Driver and Signals within an Infantry unit are Infantry soldiers first and then their additional role comes second; they don’t have an ‘attached signals unit’ I’m afraid.

Regardless of the fact of lockdown the vast majority of Army Reserve unit recruiters are still working and should be contactable so that they can explain this to you in greater depth.

If by any chance the unit you are referring to is within Sussex drop me a DM and I will give you the contact details for the person there that you need to speak to.
Great minds, etc.
 
Thank you everyone for all your answers, it has really helped clear it up somewhat. It perhaps sounds like I am being told the real situation in that if I wish to be based at these barracks it would mean the infantry route in.

It wasn't made clear if it was a Signals Platoon or Royal Signals attached but they said no one was in it yet and so had room for me. Apologies I don't know the specifics just yet but sounds like it would possibly be part of the Supporting Coy combat attachments, one of which is Signals?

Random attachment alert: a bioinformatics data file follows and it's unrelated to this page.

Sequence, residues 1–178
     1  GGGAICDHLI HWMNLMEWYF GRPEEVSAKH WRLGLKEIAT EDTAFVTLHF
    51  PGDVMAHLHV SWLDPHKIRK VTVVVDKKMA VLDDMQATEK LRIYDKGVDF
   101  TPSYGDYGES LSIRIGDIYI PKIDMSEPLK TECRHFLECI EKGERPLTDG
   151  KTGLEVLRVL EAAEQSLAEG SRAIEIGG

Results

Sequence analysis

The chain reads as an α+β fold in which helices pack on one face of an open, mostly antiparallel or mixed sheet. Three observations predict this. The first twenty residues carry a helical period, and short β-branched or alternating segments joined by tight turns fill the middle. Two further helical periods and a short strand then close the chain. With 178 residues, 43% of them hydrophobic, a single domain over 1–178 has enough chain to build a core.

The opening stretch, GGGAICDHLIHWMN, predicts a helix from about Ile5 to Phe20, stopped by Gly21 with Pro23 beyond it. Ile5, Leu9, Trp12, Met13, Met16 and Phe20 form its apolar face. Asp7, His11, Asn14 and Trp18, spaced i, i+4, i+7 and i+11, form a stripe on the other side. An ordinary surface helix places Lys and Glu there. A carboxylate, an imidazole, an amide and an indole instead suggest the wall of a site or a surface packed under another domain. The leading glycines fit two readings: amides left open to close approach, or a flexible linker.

With reference to being a Special Constable, I'm actually ex police of many years and I think doing it voluntarily would be the end of me, I had enough doing it paid! Great suggestion though as it's about doing your bit for the community etc and something worthwhile.

I've made enquires to a barracks over an hour and half away in the Engineers but its search and EOD only, which I don't mind but I think the constant travel wouldn't be ideal.

So I'm limited to Infantry really as to what is practical for attendance purposes so I can commit properly..... best get those running shoes even more warmed up!
 

Wee Hawken

Old-Salt
So I'm limited to Infantry really as to what is practical for attendance purposes so I can commit properly..... best get those running shoes even more warmed up!
Without wishing to be flippant, the basic standard of fitness required for (most) Inf units is frankly pretty low. If you have a pulse and are not too grossly overweight, you may not find it as challenging as you think. Don't be put off...